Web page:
An annual survey by Healthgrades, a Boulder-based company, ranks the system in the top 5 percent nationally. The nation’s 5,000 non-federal hospitals were included in the study, which examined mortality rates and complication rates from government data for 2006, 2007 and 2008.
The hospital system was five-star rated for treatment of heart failure, stroke and pulmonary services. It also was rated five-stars for overall pulmonary services and treatment of chronic obstructive pulmonary disease and for treatment of pneumonia.
The study, which reviewed 40 million Medicare hospitalization records, shows an increasingly wide gap in quality between the nation’s best hospitals and all others.
Patients at highly ranked hospitals have a 52 percent lower chance of dying compared with the U.S. hospital average, a chasm that exists even as mortality rates in general have declined.
The study also found that hospitals that are accredited in stroke certification by the Joint Commission on Accreditation of Healthcare Organization had an 8 percent lower risk-adjusted mortality rate than hospitals without the certification.
The 2010 hospital ratings are available at www.healthgrades.com, where patients can compare the quality of care for 28 procedures.
“The fact is, patients are twice as likely to die at low-rated hospitals as at highly rated hospitals for the same diagnosis and procedures,” said Rick May, author of the study. “With Washington focused on rewarding high-quality hospitals and empowering patients to make more informed health care choices, this information comes at a turning point in the health care debate.”
Other study results include:
Overall, in hospital, risk adjusted mortality at the nations hospitals improved on average 10.9 percent.
Across all 17 procedures and diagnoses in which mortality was studied, there was a 71.6 percent lower chance of dying in a five-star rated hospital compared to a one-star hospital.
There was a 51.3 percent lower chance of dying in a five-star rated hospital compared to the national average.
If all hospitals performed at the level of a five-star rated hospital across the 17 procedures studied, 224,537 lives could have been saved.
About 57 percent of the potentially preventable deaths were associated with just four diagnoses: sepsis, pneumonia, heart failure and respiratory failure.
During the last three studies, Ohio and Florida have the greatest percentage of hospitals in the top 15 percent for risk-adjusted mortality.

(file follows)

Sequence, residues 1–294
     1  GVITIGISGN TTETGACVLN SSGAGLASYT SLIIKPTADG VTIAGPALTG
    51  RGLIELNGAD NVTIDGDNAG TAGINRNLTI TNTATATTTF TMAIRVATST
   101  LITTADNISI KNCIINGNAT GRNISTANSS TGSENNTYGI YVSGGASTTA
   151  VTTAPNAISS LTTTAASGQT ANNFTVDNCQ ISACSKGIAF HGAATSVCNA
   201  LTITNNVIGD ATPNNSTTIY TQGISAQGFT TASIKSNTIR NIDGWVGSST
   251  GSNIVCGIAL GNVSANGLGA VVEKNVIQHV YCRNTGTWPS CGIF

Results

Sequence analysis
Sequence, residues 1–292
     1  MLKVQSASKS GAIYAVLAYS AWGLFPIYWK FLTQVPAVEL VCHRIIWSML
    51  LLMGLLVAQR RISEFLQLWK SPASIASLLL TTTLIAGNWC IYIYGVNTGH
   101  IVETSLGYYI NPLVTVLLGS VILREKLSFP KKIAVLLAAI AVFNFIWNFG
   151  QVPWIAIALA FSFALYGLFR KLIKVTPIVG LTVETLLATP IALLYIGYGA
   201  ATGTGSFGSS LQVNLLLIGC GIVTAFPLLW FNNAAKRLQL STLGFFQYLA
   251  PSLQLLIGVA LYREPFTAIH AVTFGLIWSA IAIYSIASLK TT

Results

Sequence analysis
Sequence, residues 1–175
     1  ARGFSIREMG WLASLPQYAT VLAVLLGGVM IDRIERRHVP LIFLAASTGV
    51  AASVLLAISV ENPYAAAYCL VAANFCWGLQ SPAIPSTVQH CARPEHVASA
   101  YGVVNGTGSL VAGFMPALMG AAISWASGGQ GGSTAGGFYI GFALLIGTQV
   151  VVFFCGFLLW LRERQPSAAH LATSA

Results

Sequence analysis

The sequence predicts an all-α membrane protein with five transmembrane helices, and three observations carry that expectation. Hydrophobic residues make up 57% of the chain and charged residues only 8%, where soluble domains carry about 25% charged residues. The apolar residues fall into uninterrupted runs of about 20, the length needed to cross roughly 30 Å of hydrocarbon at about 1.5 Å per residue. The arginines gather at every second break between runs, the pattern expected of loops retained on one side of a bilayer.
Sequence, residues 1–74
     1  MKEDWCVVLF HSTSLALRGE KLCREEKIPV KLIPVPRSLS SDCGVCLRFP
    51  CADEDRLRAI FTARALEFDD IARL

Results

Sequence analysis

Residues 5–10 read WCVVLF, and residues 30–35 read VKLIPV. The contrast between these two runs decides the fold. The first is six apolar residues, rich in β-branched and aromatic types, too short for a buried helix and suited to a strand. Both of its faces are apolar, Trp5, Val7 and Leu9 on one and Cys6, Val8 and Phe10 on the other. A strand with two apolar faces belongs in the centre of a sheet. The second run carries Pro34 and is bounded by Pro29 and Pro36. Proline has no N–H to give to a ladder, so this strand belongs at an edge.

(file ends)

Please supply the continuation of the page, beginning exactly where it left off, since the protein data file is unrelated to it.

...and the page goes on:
Five star hospitals have a 79.69 percent lower risk of complications for patients, compared to a one-star hospital.
Across all procedures, there was a 61.2 percent lower chance of experiencing one or more hospitals complications compared to the U.S. average.
Hospitals across the state are implementing visitor restriction in an effort to stop the spread of H1N1 and seasonal flu — as well as protect seriously ill patients from the viruses.
All Colorado hospitals are restricting people with flu-like symptoms from visiting, and most are not allowing children to visit. Many state hospitals also are limiting the number of visitors in a patient’s room.
Visitation restrictions include:
Centura Health is restricting visitors 18 and younger; Penrose-St. Francis Health Services is restricting visitors younger than 12.
HealthOne is restricting all visitors younger than 18.
Exempla is restricting all visitors younger than 18, and all visitors will be screened for flu symptoms when they enter the hospital.
Banner Health is restricting visitors 12 and younger.
The Children’s Hospital is restricting visitors 12 and younger.
Memorial Health System has restrictions in place for pediatrics, the intensive care unit, the coronary care unit and the neonatal intensive care units. No children 12 or younger will be allowed to visit. Adult visitors are limited to four. Visitors might be required to wear a mask, be asked to visit another time or asked to adhere to other special precautions.
Area hospitals also are saying people should not visit friends or relatives in the hospital if they are pregnant or have weakened immune systems.
As H1N1 continues to spread, restrictions are likely to change, said Steven Summer, president of the Colorado Hospital Association.
Anyone planning to visit a hospital should call the facility or check the hospital’s Web site before visiting. Restrictions will be enforced and hospitals will not allow children to be in waiting areas unattended.
Amy Gillentine covers health care for the Colorado Springs Business Journal.